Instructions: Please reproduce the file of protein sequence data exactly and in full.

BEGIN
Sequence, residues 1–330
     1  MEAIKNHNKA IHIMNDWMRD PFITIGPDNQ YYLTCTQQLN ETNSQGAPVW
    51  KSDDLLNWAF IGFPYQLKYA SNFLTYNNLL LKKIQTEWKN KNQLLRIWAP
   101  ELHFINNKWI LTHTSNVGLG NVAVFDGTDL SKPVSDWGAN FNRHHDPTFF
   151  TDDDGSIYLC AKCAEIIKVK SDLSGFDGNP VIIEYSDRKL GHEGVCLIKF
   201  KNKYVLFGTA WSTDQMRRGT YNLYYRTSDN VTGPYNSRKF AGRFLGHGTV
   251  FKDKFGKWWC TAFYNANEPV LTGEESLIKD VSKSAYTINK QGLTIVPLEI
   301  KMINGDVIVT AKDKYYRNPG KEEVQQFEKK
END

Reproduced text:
Sequence, residues 1–330
     1  MEAIKNHNKA IHIMNDWMRD PFITIGPDNQ YYLTCTQQLN ETNSQGAPVW
    51  KSDDLLNWAF IGFPYQLKYA SNFLTYNNLL LKKIQTEWKN KNQLLRIWAP
   101  ELHFINNKWI LTHTSNVGLG NVAVFDGTDL SKPVSDWGAN FNRHHDPTFF
   151  TDDDGSIYLC AKCAEIIKVK SDLSGFDGNP VIIEYSDRKL GHEGVCLIKF
   201  KNKYVLFGTA WSTDQMRRGT YNLYYRTSDN VTGPYNSRKF AGRFLGHGTV
   251  FKDKFGKWWC TAFYNANEPV LTGEESLIKD VSKSAYTINK QGLTIVPLEI
   301  KMINGDVIVT AKDKYYRNPG KEEVQQFEKK